"Strong growth and job creation are needed to address high poverty and a large underemployed youth population. Infrastructure gaps and the business climate have also become increasingly challenging and require a response. Sustained reforms will be needed to achieve the strong private sector-led growth envisioned by the government’s development plan."
Additional domestic revenue needs to be mobilised through tax policy and administration reforms while improving the functioning of the VAT refunds system, said the IMF.
Despite forecasts from both the IMF and the World Bank of slowing GDP growth in Tanzania, the government remains bullish that it will meet its revised 7.0 percent economic growth target for 2017.

The Minister for Finance and Planning, Dr Philip Mpango, said last month that Tanzania remained one of the fastest-growing economies in Africa, driven by construction, transport, communication and financial services sectors.
From the Sunday Guardian

Wednesday, 10 January 2018

KQ to fly to direct New York from October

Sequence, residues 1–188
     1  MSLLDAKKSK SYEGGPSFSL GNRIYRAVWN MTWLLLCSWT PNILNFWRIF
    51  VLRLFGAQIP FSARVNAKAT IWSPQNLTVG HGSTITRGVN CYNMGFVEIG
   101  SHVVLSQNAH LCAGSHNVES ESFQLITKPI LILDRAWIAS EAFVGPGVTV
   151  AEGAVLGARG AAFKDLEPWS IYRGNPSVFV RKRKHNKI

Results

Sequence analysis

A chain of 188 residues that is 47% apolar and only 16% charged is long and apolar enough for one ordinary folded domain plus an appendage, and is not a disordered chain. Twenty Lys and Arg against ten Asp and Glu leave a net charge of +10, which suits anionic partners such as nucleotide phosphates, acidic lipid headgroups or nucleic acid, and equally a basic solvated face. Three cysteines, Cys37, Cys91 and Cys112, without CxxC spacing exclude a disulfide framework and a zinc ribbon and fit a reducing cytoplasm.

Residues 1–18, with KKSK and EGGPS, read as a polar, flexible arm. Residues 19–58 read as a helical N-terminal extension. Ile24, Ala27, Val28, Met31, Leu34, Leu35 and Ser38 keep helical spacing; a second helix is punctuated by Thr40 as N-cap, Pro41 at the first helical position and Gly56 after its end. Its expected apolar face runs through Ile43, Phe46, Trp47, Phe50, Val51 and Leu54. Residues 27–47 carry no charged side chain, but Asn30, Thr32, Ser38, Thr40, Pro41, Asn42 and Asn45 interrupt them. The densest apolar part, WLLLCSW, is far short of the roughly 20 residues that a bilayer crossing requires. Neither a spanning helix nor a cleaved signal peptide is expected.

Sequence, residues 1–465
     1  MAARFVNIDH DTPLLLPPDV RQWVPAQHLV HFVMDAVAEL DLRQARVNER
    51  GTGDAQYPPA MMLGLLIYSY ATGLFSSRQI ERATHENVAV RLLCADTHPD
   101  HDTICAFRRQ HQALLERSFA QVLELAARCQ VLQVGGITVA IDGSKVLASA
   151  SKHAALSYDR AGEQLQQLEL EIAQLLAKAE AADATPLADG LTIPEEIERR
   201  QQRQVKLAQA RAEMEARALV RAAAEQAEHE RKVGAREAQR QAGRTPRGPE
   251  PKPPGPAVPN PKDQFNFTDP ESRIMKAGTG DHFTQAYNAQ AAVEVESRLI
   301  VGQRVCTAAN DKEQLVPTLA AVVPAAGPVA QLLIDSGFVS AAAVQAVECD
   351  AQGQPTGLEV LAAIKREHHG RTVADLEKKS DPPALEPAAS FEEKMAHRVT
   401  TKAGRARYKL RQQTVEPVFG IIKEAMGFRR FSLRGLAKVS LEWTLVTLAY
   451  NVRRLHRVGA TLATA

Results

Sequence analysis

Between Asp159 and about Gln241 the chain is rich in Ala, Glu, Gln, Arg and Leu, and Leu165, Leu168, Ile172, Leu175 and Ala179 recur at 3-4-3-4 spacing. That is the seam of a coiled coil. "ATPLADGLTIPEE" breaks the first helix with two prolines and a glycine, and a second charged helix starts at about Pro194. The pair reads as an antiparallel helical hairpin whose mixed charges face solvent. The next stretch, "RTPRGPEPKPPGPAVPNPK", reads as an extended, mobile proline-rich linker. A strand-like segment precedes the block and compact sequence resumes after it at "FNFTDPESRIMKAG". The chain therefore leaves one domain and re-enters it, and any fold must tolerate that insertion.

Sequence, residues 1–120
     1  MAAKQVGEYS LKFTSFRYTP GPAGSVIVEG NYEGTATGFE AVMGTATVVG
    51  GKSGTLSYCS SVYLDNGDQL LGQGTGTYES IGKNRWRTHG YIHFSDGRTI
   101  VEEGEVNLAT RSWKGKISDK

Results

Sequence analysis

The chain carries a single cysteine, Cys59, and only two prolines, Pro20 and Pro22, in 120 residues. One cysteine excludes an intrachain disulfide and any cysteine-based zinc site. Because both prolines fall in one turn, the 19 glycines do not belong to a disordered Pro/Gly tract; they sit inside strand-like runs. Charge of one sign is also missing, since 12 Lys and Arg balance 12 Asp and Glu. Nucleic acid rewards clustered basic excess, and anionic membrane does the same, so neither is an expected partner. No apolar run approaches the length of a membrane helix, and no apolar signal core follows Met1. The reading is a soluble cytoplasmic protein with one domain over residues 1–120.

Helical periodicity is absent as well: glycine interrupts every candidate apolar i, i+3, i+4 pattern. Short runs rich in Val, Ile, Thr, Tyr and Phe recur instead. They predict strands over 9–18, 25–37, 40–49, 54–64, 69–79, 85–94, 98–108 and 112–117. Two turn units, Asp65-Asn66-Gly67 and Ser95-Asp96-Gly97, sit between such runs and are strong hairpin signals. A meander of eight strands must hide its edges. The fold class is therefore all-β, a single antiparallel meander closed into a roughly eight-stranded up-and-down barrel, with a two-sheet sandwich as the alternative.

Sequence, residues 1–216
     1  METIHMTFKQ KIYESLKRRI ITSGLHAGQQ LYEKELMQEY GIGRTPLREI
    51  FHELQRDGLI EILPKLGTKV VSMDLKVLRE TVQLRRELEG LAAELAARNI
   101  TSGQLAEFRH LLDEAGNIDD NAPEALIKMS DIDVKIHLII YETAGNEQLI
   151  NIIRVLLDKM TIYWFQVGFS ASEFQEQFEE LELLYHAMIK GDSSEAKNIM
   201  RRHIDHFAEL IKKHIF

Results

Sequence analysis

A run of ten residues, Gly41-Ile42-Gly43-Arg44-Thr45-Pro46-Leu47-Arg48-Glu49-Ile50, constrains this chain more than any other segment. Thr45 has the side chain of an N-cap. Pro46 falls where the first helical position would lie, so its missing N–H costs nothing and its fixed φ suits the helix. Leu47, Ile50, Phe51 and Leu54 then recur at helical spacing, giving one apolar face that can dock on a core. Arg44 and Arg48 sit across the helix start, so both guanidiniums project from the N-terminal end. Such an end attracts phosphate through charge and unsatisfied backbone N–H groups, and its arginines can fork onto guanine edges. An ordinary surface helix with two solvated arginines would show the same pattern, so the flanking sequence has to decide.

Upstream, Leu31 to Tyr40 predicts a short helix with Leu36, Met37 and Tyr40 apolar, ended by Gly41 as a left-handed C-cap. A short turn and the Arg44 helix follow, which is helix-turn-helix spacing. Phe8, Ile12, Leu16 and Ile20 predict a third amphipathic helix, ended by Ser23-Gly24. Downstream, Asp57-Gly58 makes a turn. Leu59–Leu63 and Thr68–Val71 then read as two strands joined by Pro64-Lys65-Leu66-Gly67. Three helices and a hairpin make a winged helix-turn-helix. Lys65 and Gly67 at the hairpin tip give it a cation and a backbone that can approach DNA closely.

Kenya Airways will begin daily flights between Nairobi and New York in October. The flight will cut 7 hours of travel between the two cities.
Those keen top travel in October on the maiden flight can now start buying tickets whose sale begins on Thursday. Kenya Airways has already secured a landing slot at JFK.
The trans-Atlantic flights, scheduled to depart Jomo Kenyatta International Airport (JKIA) at 10:30pm every day, will last 15 hours arriving at JFK Airport at 6.30 am EAT. The return flight will depart JFK at 1: 30 PM landing in Nairobi at 10.30 am the next day.
Passengers traveling to JFK will arrive at 6:30am, in time for morning meetings, while the return flight from JFK will depart at 1:30pm and arrive in Nairobi at 10:30am the next day.
Each flight has a capacity of 234 passengers – 204 in Economy and the rest in Business Class of the national carrier’s Dreamliner aircraft.
Kenya Airways, known in short as KQ, has shelved plans to operate the flights through a code-share partnership with US carrier Delta Airlines, its SkyTeam partner.
Delta and three other airlines - Virgin Atlantic and KLM Air France- are currently involved in lengthy merger forcing Kenya Airways to go it alone for now.